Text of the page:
Reps. Torren Ecker (R-193) and Barb Gleim (R-199) partnered to organize a free Farmers’ Breakfast to keep those involved in the agriculture industry aware of what is changing.
Dignitaries, such as Secretary of Agriculture Russell Redding, and Commissioner Vince DiFilippo, attended the breakfast Friday morning, hosted by Penn Township Fire Co., along with many farmers and other stakeholders. Groups of students also attended, including Big Spring FFA.
Attendees heard updates from Redding, Gleim and Ecker on issues facing the farming industry. They also gave an overview of measures the legislature has taken to help Pennsylvania agriculture grow. It was only fitting that attendees also enjoyed a breakfast, sponsored by PennAg, Seneca Resources and Energy Transfer.
Gleim gave a presentation titled “From Farmer to Legislator.” Dave Swartz, assistant director of animal systems programs, Penn State Extension, presented on the trends and concerns that will shape the next year in food production.
Included in the 2019-20 state budget was an overall $19.5 million, or 12.7 percent, increase in investment in agriculture, and the recently passed Pennsylvania Farm Bill commits $23.1 million to a variety of agricultural programs. This is the first time the state has passed its own Farm Bill, according to Redding.
Gleim is a former farmer from Cumberland County, and her husband is still a full-time farmer. She is a member of the House's Education Committee, and is working to form a new Agricultural Education for Excellence Commission in 2020.
“Our farming industry is aging out. It is a crisis right now. For every three or four farmers that are retiring, we only have one farmer coming on board,” Gleim said. “We're going to have the same type of workforce skills gap that we have in other areas of our state. We are redefining agriculture in Pennsylvania, and it's an exciting time, but it's also a very stressful time.”
The pair of representatives are hoping the breakfast becomes an annual event, and expands in the future.
“Agriculture is our number one industry in Adams and Cumberland counties, so it makes a lot of sense to have an agriculture outreach breakfast to try to lend the opportunity to hear from different people, including Secretary Redding, about what's going on in PA agriculture,” Ecker said.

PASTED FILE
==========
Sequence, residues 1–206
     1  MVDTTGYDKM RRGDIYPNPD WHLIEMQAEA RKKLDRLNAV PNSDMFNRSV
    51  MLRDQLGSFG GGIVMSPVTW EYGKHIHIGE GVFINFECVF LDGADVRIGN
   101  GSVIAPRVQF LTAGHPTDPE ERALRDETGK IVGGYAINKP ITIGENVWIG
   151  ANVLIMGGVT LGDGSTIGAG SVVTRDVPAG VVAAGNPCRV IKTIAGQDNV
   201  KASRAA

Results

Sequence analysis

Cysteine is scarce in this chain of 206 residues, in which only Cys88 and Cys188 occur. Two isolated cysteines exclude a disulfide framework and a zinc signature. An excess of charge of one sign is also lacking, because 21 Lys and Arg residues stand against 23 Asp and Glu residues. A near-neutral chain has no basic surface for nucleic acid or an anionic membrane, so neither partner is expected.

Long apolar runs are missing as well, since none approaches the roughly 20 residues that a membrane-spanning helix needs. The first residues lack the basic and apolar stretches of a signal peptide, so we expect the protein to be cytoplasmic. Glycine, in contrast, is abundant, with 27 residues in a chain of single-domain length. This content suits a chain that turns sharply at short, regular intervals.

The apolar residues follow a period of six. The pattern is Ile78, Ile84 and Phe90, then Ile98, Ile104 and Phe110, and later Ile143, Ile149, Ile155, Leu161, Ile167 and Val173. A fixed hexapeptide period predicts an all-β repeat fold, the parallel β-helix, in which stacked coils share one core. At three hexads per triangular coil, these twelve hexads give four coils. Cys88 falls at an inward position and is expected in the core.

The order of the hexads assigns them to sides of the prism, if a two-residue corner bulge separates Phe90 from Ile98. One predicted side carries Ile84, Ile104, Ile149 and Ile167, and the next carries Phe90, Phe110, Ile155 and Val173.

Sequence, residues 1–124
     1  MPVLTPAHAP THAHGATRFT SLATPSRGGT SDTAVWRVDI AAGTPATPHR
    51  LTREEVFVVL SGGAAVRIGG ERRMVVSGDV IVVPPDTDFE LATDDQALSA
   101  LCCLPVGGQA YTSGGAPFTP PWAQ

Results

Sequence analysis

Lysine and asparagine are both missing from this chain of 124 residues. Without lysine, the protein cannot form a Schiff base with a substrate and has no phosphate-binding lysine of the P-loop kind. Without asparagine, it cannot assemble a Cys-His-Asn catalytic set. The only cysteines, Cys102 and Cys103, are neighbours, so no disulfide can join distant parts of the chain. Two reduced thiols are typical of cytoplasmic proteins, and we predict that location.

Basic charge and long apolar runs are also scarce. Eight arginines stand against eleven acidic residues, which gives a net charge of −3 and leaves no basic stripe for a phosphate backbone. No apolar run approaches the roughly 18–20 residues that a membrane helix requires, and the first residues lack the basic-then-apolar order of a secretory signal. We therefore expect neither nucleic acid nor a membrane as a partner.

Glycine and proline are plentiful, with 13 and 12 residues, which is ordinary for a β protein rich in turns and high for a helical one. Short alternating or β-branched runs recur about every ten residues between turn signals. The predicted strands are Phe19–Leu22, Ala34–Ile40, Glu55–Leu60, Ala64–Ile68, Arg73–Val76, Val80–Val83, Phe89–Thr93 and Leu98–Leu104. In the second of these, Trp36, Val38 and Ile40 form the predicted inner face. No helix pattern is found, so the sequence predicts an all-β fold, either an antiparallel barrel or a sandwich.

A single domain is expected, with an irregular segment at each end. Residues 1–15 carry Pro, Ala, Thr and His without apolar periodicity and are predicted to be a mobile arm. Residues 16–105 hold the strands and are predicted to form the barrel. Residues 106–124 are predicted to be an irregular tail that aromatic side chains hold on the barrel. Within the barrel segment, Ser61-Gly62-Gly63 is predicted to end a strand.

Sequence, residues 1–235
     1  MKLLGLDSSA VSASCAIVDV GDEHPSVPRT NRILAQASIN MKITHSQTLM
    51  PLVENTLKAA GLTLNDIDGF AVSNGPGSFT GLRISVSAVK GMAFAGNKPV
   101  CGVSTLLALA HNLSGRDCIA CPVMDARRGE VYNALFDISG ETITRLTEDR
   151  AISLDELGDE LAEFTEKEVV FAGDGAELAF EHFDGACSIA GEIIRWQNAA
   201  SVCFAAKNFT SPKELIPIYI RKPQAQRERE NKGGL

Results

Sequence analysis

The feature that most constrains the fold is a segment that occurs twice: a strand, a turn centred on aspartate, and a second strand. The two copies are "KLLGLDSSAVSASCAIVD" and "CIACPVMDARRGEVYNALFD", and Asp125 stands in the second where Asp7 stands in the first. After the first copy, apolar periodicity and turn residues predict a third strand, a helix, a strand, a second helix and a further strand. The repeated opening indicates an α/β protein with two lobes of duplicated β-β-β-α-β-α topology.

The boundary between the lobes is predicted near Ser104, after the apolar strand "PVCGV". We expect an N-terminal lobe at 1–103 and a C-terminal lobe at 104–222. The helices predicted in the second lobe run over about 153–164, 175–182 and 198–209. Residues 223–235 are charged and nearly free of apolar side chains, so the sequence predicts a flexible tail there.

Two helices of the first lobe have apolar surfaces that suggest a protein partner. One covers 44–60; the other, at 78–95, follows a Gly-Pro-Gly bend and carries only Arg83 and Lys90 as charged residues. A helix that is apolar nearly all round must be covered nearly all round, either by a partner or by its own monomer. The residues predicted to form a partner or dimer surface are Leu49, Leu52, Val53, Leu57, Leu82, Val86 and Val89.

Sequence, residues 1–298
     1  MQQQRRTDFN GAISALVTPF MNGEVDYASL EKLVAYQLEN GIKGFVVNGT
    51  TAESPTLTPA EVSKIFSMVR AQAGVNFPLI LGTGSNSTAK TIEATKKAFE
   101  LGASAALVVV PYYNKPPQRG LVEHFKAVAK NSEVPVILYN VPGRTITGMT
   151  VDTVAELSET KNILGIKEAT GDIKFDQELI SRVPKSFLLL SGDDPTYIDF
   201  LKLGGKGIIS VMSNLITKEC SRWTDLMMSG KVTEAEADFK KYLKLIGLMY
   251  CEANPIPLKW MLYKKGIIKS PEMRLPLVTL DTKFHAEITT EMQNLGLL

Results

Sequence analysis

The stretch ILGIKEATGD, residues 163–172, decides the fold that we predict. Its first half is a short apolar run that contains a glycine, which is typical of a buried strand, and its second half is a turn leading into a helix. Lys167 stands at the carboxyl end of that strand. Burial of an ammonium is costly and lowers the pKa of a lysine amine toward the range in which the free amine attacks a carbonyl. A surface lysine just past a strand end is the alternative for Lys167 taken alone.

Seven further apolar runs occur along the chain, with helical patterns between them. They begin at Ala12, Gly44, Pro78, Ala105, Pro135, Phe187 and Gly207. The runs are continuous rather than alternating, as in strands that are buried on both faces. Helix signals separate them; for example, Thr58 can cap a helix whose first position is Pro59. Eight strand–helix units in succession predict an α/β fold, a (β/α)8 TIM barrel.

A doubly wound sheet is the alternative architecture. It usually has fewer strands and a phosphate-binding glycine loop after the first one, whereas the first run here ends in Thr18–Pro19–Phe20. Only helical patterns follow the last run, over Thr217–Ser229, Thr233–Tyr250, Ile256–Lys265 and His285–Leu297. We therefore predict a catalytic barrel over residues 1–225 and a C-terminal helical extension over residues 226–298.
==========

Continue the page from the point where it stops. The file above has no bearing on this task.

Ecker described the Pennsylvania Farm Bill as “remarkable” and “earth shattering” with the increase in funding for agriculture, compared to the past.
Redding gave some opening remarks during the breakfast, noting a person can't talk about agriculture and food, without also talking about government issues and policies.
He provided insight about how agriculture has been redefined in Pennsylvania in order to address the current needs.
“The industry equals about 18 percent of the state's gross economy. That's a significant piece. It's $136 billion every year. It's 580,000 jobs that are part of agriculture in the food system of Pennsylvania. Once you know what it is, we can talk about what the policies are, what the importance of it looks like, how do we influence that both from a legislative standpoint, but also the larger commonwealth's standpoint as well,” he said.
He said agriculture has to compete at the local, state and national level, and Pennsylvania has to use their resources, like the Port of Philadelphia, in order to make up the difference.
Redding also spoke about how they can best invest in agriculture, whether it be conservation, or marketing, and the challenges faced in the dairy industry.
“Pennsylvania dairy is predicated on the consumption of fluid milk, that's history, but as consumers, we are consuming less fluid milk, and total dairy,” he said.
The industry revolves around fluid milk, not as much as cheese, butter, yogurt, and ice cream.
“We can buy six packs of other beverages except milk. I can buy a six pack of water, beer, juice, but I cannot buy a six pack of milk,” he said.